Since it debuted earlier this week, Liz Murphy's heart-breaking new film for Grief Encounter has been widely acclaimed. Little Black Book Online for their 'Your Shot' feature talked to Liz about how she made her emotional and poignant new spot.
Every 30 minutes in Britain a child loses a parent. Liz Murphy's new spot for bereavement charity Grief Encounter shows the immense effect the loss of a loved one can have on a young boy.
As he goes about his everyday life around the home, we begin to sense that something is missing. As he fends for himself, he is accompanied only by his toy bear. We leave the boy clutching a photo of a missing loved one. He gazes out the window and lets out a sigh that hints at something troubling and more profound - the heartbreaking and saddening question of 'where's Mum?'.
It's a deeply moving film that powerfully gets its message across without the use of any dialogue. Liz Murphy coaxes a performance from the young chap that is as mature as it is vulnerable as he negotiates a life now with his bear and the definite sense that someone is missing. The spot was printed onto film in post-production, lending to the feature film feeling.
The TV commercial spot is accompanied by a short documentary Liz also directed that increases the awareness of the important work Grief Encounter does with helping families and young people deal with bereavement. People who have directly benefitted from the charity's support give heartbreaking testimonies about their losses and explain how much the counselling and help Grief Encounter has provided them come to terms with life when a loved one is no longer here. The variety of stories from the people the charity has helped at first-hand are as poignant as they are inspiring - the film ending at an event organised by Grief Encounter that symbolises the newly-found hope the bereaved has found through the help and guidance the charity has given them.
Covering a diverse array of styles, the illustrations of William Steig are charismatic and extremely memorable. He was a prolific artist, creating the illustrations and writing stories for over 50 books ("Persistant Faces" included), most famous of which, Shrek, went on to become the computer generated, multiplex-bothering behemoth we know today.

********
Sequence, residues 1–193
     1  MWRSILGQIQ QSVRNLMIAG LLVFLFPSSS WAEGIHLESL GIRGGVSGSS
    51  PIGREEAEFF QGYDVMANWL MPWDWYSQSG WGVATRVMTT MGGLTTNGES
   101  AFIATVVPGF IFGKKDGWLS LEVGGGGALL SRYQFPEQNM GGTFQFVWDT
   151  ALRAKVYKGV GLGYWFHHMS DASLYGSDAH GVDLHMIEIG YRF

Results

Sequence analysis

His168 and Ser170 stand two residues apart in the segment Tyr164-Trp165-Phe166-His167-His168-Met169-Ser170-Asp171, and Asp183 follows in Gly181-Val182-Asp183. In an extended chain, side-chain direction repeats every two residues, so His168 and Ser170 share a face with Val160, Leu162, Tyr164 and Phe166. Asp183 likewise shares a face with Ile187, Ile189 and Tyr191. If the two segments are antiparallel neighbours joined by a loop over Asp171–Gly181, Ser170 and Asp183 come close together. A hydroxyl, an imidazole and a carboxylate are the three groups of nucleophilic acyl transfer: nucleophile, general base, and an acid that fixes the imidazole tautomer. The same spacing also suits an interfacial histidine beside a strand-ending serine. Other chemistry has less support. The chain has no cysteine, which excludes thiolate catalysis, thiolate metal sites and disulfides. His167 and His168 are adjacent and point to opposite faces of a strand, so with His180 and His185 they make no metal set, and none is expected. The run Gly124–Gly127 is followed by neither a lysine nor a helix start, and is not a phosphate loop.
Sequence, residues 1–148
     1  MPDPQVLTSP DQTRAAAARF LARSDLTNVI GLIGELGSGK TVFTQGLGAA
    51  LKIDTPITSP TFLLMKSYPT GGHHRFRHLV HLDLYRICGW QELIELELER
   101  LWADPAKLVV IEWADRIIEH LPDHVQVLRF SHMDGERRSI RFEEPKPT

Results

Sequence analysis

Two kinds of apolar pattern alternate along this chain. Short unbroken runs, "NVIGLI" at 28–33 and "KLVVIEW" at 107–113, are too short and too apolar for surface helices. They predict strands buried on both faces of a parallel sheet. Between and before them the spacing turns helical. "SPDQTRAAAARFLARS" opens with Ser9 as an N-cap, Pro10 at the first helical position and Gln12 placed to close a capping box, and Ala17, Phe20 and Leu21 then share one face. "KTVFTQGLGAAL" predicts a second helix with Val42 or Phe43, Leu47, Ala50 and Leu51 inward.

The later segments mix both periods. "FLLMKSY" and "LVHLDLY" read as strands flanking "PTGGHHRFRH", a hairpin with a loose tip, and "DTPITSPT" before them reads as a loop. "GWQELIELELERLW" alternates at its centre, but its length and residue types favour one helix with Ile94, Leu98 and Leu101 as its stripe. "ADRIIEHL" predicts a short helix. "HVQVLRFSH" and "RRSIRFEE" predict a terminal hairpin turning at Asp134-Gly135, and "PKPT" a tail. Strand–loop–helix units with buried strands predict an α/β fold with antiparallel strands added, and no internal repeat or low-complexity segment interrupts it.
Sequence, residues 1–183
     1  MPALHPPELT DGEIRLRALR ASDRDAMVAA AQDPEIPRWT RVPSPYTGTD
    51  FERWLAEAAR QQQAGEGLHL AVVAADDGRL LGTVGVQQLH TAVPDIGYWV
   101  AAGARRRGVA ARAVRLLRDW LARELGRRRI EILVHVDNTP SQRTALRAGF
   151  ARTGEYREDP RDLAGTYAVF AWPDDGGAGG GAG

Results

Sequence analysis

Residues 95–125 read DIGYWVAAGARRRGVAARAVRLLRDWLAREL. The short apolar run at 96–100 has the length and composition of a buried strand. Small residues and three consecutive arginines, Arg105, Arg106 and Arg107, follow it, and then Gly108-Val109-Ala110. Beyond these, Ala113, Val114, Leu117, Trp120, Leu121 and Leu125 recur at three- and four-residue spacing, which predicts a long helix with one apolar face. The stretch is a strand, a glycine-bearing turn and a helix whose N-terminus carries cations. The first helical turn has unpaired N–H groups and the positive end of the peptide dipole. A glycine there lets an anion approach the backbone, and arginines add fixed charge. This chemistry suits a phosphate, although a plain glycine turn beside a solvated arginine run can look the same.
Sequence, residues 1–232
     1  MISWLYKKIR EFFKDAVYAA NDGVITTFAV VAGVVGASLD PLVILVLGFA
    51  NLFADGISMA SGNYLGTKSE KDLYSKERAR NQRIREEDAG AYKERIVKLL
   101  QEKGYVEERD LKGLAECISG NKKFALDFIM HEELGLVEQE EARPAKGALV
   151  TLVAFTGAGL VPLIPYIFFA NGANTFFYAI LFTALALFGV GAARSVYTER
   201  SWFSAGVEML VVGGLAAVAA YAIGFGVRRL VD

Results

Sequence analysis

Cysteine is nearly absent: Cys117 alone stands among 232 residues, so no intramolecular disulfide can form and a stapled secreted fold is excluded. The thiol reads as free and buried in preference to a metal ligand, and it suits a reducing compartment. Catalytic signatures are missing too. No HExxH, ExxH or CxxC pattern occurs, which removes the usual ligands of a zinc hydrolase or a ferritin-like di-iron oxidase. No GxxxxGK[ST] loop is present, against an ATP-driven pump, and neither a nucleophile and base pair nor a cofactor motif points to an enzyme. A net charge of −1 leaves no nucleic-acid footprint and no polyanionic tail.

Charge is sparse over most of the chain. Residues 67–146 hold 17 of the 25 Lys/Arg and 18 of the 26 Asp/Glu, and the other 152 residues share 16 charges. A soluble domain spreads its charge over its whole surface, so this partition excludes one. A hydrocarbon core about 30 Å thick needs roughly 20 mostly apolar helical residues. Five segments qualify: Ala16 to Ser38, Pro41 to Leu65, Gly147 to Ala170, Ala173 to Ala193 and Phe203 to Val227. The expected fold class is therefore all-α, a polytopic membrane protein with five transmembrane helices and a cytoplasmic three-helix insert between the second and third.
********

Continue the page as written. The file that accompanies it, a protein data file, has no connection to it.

His original version of the famous green ogre is very much different to the film series, and more in line with the rest of his body of work: on the surface, seemingly simple and child-like, yet beneath offering an intriguing complexity and charm.
Steig created 121 covers for the New Yorker magazine and contributed hundreds of cartoons to the publication.
Entitled "Family Structure"
The fact that there's a dog playing violin and that isn't the most interesting thing about this illustration is hilarious.
Jesper's does it again in this lovely little rasher of Swedish weirdness.
A little girl gets a pot-bellied pig for her birthday. In a pink roll-neck wooly jumper. What could possibly go wrong?
This new one from Jesper sees a daughter's birthday treat turn into a father's worst nightmare. The fallout (aka droppings) of adopting a pig into family life takes his toll on our doting dad, with the climax of the film seeing him at his wits' end, standing over a frying pan filled with gently sizzling bacon...
It's another slice of what Jesper does best: a charming glimpse into an odd chapter of family life, with a hint of the bizarre making it endearingly unforgettable.
A new one from Jesper, saying 'Tack' paying your TV licence in a very Jesper way.
The film follows in the footsteps of Jesper's previous little spot of brilliance for Nettbuss. This time though, a host of people over land, sea and snow (and their neighbour's fences) work together to deliver an important message of thank you. How very Nordic.
As the message is passed around from person-to-person, Chinese Whispers-style, the film takes in an amazing array of Swedish backdrops, so it's no surprise Creativity Online described it as beautifully shot. And when coupled with Jesper's usual selection of quirky characters, it all makes for a pretty charming spot.
Labels: Jesper Ericstam ·